January 31, 2018 Port Aransas, Texas

Port Aransas Beach Camping
Port Aransas Beach Camping

A Short Stay in Port Aransas, Texas

Above is a photo of my camping spot on the beach in Port Aransas, a place I have visited three times in the past. I had planned on staying here a while but left after only three nights and continued on to Louisiana.

The beach itself apparently did not sustain much damage from the hurricane and looks pretty much the same as it did on my previous visits here. To camp on the beach you simply obtain a $12 beach parking permit at one of several different locations, I bought mine at one of the Stripes convenience stores. During the busy summer beach season, you are limited to just a few days of camping but during the winter season, you can stay an extended length of time. The beach road is graded regularly and is very firm, making travel safe for any kind of rig with many miles of beachfront camping to choose from. There were very few people camped here this year as compared to my other times here.

Deep Sea Oil Rig Transport
Deep Sea Oil Rig Transport

As I was having coffee my first morning on the beach, I saw this enormous deep sea drilling platform being escorted out of the Port Aransas shipping channel. Headed for a deep sea location somewhere south of New Orleans, it was being towed and pushed by nine huge tugboats. Each tug was probably about three stories high from water to the top of their masts, so that might give you an idea of the size of this oil rig, just absolutely gigantic. The jetty rocks that can barely be made out in this image are probably about 10 feet above the waterline.

There still were piles of demolition debris along the streets of Port Aransas awaiting pickup and there were plenty of blue tarps on the roofs of hotels and private homes. Several empty lots were visible where structures have been demolished and await rebuilding efforts. Probably half the businesses were now open and most of the rest had signs saying they were opening soon. All of the RV Parks appeared open and most were all but full, so the winter Texans have shown up in Port Aransas.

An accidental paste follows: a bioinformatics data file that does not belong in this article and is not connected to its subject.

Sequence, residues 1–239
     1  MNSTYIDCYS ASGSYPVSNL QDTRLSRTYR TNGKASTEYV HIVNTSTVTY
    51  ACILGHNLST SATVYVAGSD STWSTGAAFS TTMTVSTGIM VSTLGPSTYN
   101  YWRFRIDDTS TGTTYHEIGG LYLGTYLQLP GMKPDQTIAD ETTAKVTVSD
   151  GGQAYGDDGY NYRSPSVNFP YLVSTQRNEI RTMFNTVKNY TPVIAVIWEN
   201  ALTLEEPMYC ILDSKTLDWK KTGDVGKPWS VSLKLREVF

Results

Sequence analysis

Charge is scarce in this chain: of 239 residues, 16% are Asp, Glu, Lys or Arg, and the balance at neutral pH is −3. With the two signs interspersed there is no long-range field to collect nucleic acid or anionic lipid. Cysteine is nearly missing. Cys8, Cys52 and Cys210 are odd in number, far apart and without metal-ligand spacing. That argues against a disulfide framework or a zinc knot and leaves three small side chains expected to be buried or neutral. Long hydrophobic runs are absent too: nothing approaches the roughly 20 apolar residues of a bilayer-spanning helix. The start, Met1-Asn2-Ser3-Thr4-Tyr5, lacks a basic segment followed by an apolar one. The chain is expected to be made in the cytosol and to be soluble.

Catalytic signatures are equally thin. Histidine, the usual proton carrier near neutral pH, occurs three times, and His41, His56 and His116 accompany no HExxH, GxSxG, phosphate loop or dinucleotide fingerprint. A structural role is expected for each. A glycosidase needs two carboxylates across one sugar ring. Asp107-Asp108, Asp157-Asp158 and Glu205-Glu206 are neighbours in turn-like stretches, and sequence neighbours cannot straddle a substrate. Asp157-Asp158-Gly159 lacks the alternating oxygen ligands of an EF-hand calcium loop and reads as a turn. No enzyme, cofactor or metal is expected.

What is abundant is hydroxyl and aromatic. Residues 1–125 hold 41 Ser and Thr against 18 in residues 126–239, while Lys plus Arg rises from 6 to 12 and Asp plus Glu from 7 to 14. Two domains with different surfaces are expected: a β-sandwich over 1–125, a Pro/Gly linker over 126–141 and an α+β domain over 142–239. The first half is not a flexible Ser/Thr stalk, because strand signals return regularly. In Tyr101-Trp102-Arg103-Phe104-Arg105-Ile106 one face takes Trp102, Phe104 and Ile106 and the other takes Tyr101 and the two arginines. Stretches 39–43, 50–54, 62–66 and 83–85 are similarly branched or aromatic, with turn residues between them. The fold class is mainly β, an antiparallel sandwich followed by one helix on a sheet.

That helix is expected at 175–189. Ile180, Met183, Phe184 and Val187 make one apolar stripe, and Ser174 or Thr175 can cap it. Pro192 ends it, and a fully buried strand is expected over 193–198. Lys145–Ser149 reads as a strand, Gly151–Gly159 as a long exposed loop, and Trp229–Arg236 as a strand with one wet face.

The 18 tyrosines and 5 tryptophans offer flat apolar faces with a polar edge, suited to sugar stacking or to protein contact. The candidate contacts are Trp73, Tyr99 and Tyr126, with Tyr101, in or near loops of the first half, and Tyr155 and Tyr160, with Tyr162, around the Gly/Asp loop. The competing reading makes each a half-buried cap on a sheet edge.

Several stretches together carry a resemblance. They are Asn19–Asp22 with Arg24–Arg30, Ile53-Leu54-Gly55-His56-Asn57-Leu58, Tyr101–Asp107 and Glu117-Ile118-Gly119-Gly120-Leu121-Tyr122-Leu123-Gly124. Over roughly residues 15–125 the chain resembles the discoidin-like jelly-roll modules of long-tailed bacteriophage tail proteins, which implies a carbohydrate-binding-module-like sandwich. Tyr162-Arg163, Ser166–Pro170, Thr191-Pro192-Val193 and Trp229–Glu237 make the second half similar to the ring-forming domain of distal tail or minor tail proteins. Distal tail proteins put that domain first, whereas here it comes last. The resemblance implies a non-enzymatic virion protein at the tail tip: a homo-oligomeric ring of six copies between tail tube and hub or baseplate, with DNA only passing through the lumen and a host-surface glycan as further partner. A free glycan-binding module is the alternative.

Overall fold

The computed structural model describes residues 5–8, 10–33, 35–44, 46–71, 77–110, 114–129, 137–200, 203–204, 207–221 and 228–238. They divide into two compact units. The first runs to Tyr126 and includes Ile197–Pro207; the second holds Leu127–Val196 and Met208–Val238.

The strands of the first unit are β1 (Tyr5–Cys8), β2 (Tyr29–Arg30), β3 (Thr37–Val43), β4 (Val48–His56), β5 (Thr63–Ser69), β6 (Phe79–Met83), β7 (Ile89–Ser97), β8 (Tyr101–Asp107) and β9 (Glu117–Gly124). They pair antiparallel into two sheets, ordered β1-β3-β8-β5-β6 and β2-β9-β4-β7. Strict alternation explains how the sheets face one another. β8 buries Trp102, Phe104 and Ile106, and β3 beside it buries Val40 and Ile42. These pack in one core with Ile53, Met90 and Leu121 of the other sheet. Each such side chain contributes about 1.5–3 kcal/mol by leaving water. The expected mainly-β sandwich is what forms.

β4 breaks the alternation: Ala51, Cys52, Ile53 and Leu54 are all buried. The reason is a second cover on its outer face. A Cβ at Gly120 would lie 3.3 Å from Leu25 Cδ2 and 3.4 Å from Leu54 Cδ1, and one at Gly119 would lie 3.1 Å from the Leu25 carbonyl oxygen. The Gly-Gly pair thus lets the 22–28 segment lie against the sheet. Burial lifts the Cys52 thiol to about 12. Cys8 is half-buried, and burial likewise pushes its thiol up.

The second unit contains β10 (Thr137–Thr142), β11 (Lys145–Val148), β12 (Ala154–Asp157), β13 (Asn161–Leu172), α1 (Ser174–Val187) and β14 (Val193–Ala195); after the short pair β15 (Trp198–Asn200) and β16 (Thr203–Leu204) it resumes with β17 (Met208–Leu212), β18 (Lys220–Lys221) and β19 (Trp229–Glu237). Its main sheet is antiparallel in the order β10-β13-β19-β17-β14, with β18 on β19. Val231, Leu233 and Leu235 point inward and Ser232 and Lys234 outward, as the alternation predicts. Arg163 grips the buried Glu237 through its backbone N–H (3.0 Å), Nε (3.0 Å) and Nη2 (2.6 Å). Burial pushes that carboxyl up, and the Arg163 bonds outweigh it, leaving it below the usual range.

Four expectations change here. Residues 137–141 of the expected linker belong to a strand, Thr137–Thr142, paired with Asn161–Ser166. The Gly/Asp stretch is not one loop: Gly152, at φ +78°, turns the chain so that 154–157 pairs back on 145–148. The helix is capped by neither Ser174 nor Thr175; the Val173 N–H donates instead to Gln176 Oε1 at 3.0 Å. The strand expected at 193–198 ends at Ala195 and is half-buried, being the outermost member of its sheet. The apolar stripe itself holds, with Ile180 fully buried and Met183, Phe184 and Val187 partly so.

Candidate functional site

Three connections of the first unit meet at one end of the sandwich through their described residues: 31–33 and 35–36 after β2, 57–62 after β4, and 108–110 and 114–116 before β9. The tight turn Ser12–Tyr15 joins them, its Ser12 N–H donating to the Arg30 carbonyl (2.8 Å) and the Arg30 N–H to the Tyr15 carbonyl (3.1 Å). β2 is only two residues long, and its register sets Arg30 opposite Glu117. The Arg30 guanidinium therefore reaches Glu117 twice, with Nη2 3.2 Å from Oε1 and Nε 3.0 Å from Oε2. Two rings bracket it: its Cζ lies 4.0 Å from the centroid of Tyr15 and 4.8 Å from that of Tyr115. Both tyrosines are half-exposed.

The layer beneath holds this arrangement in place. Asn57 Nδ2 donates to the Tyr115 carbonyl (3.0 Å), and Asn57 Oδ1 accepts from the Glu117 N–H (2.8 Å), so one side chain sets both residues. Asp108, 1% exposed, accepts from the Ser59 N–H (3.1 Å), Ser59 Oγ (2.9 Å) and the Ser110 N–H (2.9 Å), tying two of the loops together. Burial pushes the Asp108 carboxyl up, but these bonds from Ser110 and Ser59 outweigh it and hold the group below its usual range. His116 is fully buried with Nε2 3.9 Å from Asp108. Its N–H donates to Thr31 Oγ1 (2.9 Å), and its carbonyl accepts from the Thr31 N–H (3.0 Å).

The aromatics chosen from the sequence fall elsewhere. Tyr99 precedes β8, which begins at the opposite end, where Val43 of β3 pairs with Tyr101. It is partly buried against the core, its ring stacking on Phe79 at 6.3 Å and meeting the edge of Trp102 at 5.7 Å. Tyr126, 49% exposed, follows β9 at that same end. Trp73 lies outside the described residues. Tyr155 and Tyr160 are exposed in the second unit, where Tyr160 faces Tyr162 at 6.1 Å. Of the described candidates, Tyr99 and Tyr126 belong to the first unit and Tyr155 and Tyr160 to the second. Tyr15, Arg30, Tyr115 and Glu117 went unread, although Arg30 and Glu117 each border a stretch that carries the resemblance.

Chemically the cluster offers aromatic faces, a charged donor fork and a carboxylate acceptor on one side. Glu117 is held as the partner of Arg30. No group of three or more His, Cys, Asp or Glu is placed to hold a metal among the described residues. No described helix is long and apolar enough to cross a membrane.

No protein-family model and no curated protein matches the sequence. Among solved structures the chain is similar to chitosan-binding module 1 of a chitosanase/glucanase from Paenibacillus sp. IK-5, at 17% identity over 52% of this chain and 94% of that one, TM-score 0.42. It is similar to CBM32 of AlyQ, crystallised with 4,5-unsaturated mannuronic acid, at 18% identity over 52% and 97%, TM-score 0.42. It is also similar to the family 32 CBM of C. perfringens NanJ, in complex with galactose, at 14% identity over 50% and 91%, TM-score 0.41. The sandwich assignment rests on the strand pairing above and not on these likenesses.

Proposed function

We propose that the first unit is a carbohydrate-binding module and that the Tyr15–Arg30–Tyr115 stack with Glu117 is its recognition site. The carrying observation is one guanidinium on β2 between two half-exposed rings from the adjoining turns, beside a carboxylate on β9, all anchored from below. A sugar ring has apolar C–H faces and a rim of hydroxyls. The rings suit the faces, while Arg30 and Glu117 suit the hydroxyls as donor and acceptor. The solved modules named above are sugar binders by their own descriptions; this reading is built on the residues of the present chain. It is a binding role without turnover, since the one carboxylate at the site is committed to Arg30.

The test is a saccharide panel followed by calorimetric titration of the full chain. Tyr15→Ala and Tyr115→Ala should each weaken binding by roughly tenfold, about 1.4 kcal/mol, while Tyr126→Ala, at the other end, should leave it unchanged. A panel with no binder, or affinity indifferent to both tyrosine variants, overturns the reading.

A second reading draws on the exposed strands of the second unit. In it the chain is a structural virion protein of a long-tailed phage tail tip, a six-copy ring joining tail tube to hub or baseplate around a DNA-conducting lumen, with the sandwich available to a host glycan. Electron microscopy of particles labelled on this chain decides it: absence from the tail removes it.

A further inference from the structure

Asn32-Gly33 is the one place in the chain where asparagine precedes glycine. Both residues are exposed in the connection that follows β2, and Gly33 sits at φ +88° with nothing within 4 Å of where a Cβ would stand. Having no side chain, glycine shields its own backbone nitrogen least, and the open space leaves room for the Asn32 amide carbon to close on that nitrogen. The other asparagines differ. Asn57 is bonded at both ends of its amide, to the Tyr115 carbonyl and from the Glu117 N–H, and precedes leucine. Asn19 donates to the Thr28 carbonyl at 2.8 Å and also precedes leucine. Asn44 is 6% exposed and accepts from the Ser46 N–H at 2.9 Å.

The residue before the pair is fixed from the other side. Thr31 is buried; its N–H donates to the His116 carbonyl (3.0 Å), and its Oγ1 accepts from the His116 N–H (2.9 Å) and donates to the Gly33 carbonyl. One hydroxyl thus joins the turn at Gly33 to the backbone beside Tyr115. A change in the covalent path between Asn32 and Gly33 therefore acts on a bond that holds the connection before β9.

I drove down to the Padre Island National Seashore and checked out the birding areas there … and came away with nothing. I mean there was no kind of bird life anywhere there. One little roadside pond where I have photographed hundreds of ducks before was completely devoid of life. No shorebirds, no ducks, no raptors anywhere, really strange.

Sadly, the best birding attraction in Port Aransas, the Leona Turnbull Birding Area, was heavily damaged by the hurricane, the boardwalk and observation decks being completely destroyed and are awaiting reconstruction, of which there are no signs of immediate efforts to do so.

Oil Rigs From the Ferry
Oil Rigs From the Ferry

So, the next day I hopped on the ferry and headed about 25 miles north to check out one of my favorite all-time places to stay, Rockport. There were three oil drilling platforms being refurbished alongside the north ferry terminal. These rigs would have been dwarfed by the rig seen going out the shipping channel the day before … and these are pretty impressively large structures themselves.

Hurricane Trash Heaps
Hurricane Trash Heaps
Hurricane Trash Heaps
Hurricane Trash Heaps